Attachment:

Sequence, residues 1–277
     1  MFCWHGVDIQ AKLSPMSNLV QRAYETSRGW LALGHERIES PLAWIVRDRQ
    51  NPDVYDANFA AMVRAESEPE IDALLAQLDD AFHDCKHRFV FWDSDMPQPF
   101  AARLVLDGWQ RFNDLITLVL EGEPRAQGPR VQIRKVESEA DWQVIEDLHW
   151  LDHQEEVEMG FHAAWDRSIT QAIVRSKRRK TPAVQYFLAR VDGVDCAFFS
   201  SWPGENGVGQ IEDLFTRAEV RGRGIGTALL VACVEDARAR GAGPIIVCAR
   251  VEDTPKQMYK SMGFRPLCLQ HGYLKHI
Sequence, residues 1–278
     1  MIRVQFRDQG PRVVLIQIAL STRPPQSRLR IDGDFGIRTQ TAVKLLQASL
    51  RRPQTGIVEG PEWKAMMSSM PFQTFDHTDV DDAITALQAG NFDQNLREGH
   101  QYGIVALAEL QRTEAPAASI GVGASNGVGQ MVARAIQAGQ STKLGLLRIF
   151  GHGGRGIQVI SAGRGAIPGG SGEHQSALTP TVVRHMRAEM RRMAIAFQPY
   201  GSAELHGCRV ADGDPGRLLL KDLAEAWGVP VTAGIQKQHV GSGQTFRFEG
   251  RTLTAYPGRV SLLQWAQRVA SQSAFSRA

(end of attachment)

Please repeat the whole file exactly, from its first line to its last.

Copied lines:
Sequence, residues 1–277
     1  MFCWHGVDIQ AKLSPMSNLV QRAYETSRGW LALGHERIES PLAWIVRDRQ
    51  NPDVYDANFA AMVRAESEPE IDALLAQLDD AFHDCKHRFV FWDSDMPQPF
   101  AARLVLDGWQ RFNDLITLVL EGEPRAQGPR VQIRKVESEA DWQVIEDLHW
   151  LDHQEEVEMG FHAAWDRSIT QAIVRSKRRK TPAVQYFLAR VDGVDCAFFS
   201  SWPGENGVGQ IEDLFTRAEV RGRGIGTALL VACVEDARAR GAGPIIVCAR
   251  VEDTPKQMYK SMGFRPLCLQ HGYLKHI
Sequence, residues 1–278
     1  MIRVQFRDQG PRVVLIQIAL STRPPQSRLR IDGDFGIRTQ TAVKLLQASL
    51  RRPQTGIVEG PEWKAMMSSM PFQTFDHTDV DDAITALQAG NFDQNLREGH
   101  QYGIVALAEL QRTEAPAASI GVGASNGVGQ MVARAIQAGQ STKLGLLRIF
   151  GHGGRGIQVI SAGRGAIPGG SGEHQSALTP TVVRHMRAEM RRMAIAFQPY
   201  GSAELHGCRV ADGDPGRLLL KDLAEAWGVP VTAGIQKQHV GSGQTFRFEG
   251  RTLTAYPGRV SLLQWAQRVA SQSAFSRA